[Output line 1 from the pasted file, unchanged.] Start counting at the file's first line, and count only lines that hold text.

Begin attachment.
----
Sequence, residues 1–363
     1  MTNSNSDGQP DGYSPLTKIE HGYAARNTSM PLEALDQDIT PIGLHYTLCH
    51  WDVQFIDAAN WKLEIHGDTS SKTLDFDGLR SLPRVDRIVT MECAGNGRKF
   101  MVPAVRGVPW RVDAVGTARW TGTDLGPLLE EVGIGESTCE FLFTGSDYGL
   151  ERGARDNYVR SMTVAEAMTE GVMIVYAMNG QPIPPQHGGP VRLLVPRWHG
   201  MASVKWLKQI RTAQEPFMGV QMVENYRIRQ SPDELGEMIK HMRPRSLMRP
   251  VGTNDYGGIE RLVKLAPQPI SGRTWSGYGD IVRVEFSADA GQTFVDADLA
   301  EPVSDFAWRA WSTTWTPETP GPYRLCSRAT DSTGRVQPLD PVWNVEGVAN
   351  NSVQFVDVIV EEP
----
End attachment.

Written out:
Sequence, residues 1–363